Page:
Making Yourself Heard When You Have RA

Making Yourself Heard When You Have RA

Doctor’s appointments are a fact of life for people living with rheumatoid arthritis (RA) – so you have to make them count. They’re the best time to tell your physician how you’re feeling, whether or not you think your treatment is working and any other concerns you may be having about your symptoms.

It’s no wonder then how frustrated (or downright discouraged) you probably feel when it seems like those questions, concerns and complaints are falling on deaf ears.

And unfortunately, research suggests than many RA sufferers are experiencing this same frustration.

Doctors’ Appointments Leave Many Feeling Unheard
In one small study presented at an American College of Rheumatology annual meeting, researchers interviewed twenty people aged 38 to 85 who had been diagnosed with RA, and who viewed their RA as much worse than their doctor did. The interviews revealed that many of the RA patients felt that their doctors weren’t listening to them, weren’t empathetic to their concerns and that they rushed through appointments.

A larger study by the American Autoimmune Disease Related Disease Association (AARDA) looked at over 7,800 men and women with autoimmune conditions such as rheumatoid arthritis and psoriatic arthritis. Ninety-eight percent of people in the study reported having fatigue, with 89% saying it was a “major issue,” and 68% saying it interfered with their day-to-day tasks. In fact, the study found that fatigue impacted nearly every aspect of their lives.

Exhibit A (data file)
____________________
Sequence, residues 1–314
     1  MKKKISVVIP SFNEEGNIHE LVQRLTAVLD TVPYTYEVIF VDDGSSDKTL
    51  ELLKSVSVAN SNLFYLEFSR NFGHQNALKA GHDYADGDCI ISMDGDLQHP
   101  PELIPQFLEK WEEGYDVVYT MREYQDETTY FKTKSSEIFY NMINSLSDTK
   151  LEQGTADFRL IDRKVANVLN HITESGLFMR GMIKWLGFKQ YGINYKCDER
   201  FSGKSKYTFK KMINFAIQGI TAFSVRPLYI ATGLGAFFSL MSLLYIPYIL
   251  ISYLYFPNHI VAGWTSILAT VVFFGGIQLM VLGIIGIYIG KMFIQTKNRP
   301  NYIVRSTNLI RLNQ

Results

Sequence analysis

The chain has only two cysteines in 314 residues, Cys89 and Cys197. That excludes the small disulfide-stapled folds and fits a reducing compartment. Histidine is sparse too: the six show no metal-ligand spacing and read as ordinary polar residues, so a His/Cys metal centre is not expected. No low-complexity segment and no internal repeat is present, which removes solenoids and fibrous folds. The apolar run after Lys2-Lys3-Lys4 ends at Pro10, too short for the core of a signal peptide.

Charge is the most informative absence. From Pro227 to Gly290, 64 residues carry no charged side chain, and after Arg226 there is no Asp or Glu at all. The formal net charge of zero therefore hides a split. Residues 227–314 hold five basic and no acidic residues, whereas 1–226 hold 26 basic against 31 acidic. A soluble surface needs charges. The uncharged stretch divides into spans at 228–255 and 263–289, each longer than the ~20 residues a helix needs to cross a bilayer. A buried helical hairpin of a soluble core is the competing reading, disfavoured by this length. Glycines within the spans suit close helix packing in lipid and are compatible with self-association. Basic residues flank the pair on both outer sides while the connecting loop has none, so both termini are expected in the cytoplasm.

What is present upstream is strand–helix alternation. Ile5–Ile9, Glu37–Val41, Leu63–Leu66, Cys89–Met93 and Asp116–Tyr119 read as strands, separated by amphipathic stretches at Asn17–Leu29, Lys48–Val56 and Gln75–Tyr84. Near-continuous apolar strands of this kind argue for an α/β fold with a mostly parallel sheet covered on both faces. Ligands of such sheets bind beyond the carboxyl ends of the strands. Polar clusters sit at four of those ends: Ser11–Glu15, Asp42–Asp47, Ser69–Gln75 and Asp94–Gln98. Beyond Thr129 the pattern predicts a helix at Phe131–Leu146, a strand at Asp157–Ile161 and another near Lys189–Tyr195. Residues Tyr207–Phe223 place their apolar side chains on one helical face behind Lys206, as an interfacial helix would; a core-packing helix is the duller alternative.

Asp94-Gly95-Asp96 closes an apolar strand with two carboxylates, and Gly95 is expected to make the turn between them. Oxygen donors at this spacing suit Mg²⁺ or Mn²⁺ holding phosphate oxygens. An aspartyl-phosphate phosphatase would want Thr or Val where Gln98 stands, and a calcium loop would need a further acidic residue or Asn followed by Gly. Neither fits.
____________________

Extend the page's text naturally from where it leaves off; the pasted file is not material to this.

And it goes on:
Despite this overwhelming mental and physical toll, though, 59% said their doctors didn’t prescribe them any medication or recommend any other treatments.

Don’t Be Afraid to Speak Up
Both studies shine a spotlight on the frustration that many people living with RA and other autoimmune conditions feel when trying to talk to their doctor. And over time, this breakdown in communication can negatively affect the treatment and management of your RA. That’s why it’s critical for you to speak up when you aren’t happy with your care.

To get the most out of your doctor visits, and get some additional peace of mind, try these strategies:

  • Become an expert on how your RA affects you. Keeping a health journal is a great way to do this. You can track your symptoms and make notes about whether or not you feel like you’re responding to medication. You can also write down any triggers you’ve noticed for pain or inflammation.
  • Prepare before you go. Go into your appointment ready to discuss any questions or concerns you may have – and bring that journal. This will help optimize the time you get with the doctor, and help you become clearer about what you need to know.
  • Take notes, and ask the doctor to clarify anything you don’t understand. It’s important that you understand your treatment options, medications and other aspects of your RA. If you’re confused about anything, don’t be afraid to speak up and ask the doctor to clarify it for you.  
  • Before you leave, find out the best way to contact your physician. This can help improve communication in between doctor visits. You may be directed to a nurse or practice manager, but this is much better than being in left in the dark about an important concern.

For more tips, check out the Rheumatoid Arthritis Doctor Visit Guide.

Medically reviewed in June 2019.

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